Workplace inequalities have increased significantly across Europe as a result of the global economic crisis, according to a new study published by the International Labour Office.
“Work Inequalities in the Crisis: Evidence from Europe” analyses how working conditions, wages and incomes, employment and gender equality, among other workplace issues, have been deteriorating across the continent since the start of the crisis. It includes data from 30 countries and 14 national studies by leading European specialists.
Other key findings include:
- Workers on temporary contracts were badly affected by job cuts - in Spain about 90 per cent of employment losses affected temporary workers.
- Young people are experiencing unemployment rates nearly double those among older workers in the majority of European countries, with sharp increases in Estonia, Lithuania and Latvia, as well as in Ireland, Spain and Greece.
- Low-skilled workers were especially hard hit as manufacturing companies started to lay off members of staff.
- Despite male workers being initially more affected by the crisis than women (six per cent more in the three Baltic states, Ireland and Spain), discriminatory practices against female workers have worsened over the past years.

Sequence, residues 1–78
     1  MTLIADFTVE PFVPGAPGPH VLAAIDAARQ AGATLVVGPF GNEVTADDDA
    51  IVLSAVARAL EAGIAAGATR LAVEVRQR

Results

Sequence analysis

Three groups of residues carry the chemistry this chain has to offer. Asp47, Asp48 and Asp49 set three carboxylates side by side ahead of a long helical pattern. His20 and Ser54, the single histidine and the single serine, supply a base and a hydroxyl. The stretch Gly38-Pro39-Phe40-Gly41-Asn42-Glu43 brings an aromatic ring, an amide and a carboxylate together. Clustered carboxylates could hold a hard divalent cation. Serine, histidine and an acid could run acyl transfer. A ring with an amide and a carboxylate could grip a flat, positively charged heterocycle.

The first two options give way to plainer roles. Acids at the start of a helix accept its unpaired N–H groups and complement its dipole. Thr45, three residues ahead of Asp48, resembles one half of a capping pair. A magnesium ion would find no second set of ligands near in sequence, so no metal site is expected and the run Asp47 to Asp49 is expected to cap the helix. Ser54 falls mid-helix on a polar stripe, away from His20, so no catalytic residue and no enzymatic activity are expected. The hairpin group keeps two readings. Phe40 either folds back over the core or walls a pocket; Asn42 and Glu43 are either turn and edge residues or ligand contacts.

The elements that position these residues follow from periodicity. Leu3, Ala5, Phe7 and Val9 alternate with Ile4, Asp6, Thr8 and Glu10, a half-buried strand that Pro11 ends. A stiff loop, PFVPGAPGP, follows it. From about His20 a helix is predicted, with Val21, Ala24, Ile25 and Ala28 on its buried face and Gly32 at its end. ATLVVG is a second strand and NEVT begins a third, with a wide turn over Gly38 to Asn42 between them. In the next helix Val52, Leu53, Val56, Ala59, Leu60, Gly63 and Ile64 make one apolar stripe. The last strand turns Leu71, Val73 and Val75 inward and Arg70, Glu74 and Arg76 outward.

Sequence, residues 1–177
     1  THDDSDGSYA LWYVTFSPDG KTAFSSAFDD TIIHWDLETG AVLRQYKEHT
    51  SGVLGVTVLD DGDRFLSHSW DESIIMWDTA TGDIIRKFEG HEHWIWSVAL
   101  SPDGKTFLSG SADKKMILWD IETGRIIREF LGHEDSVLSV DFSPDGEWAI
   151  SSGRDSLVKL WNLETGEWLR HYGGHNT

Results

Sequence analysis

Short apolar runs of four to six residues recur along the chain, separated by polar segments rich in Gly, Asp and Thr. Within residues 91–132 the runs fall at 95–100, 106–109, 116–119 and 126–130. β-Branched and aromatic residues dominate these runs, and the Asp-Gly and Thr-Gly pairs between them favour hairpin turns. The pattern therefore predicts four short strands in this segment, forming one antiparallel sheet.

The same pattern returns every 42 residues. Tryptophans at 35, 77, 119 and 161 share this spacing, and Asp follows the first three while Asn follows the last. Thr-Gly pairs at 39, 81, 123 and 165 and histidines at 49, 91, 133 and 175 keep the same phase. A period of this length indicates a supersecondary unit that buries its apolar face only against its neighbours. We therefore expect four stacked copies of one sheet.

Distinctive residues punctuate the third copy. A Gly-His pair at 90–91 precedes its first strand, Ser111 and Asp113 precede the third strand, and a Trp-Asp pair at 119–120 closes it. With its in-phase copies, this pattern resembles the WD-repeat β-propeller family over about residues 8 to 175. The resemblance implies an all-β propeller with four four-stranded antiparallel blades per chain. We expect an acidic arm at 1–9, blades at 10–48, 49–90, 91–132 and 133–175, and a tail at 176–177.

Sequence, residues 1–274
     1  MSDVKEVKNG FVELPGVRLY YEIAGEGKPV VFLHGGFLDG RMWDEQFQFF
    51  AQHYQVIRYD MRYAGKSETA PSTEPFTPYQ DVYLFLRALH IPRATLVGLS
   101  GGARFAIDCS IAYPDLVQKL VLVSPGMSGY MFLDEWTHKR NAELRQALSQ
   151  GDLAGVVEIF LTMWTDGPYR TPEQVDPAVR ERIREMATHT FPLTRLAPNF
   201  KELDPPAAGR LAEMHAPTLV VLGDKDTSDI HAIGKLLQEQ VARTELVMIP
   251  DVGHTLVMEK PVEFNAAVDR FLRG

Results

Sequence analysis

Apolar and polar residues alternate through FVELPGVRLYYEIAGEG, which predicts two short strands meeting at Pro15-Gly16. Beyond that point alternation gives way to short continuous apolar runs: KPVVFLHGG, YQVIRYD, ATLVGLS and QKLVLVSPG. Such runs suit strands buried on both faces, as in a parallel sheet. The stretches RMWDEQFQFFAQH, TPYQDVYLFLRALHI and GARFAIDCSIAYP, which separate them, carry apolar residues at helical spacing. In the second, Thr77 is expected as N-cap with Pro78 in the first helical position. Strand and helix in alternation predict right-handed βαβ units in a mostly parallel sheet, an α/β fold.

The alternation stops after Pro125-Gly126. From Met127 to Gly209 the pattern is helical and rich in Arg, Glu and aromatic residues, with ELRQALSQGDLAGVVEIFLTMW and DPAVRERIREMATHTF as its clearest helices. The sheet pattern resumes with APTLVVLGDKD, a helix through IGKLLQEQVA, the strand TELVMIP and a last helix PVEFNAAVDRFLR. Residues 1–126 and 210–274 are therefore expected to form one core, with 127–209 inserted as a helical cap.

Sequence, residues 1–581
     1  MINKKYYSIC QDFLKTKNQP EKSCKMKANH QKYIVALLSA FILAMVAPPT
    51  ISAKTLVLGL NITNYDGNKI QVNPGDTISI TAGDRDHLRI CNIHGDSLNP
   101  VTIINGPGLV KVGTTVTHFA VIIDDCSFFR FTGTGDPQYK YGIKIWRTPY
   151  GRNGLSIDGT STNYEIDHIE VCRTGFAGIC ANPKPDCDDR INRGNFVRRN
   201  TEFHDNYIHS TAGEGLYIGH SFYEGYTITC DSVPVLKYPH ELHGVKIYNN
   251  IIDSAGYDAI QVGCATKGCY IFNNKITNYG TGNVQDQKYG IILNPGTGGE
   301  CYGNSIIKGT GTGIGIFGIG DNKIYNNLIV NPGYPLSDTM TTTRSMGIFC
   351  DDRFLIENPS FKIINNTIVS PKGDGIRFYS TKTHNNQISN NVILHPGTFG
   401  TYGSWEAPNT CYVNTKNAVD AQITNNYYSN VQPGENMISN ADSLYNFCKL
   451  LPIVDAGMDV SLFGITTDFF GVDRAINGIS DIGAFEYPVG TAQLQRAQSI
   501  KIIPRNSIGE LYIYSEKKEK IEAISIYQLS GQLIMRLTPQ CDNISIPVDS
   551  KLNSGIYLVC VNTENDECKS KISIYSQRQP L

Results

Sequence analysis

- Women employed in male-dominated sectors were the first to be dismissed, or experienced higher wage cuts than men.
The authors cite the significant role played by social dialogue in negotiating alternatives to layoffs generally through wage and / or working time reductions, as in Germany and France. In countries with limited wage bargaining such as Estonia, Latvia and Lithuania, both employment and wage cuts were immediate and substantial.
The study also shows that countries that relied on temporary contracts, such as Spain, experienced severe difficulties on the employment front: “Massive reliance on temporary contracts for nearly 20 years has left the country vulnerable and employment has plunged in response to the economic slowdown”, the report said.
New labour market reforms to boost competitiveness, for instance the minimum wage freeze and cuts in social protection in Spain; the decision to multiply short time schemes in France; further wage moderation and an increase in the low pay sector in many countries may directly increase inequalities, according to the publication. A greater number of people will also become more vulnerable to future economic crises.
In the longer term, the study warns that the crisis may also halt the progress made in Europe towards better quality jobs and working conditions. For instance, it says reductions in spending on training at the enterprise level combined with reduced training programmes financed by the state will have a negative effect.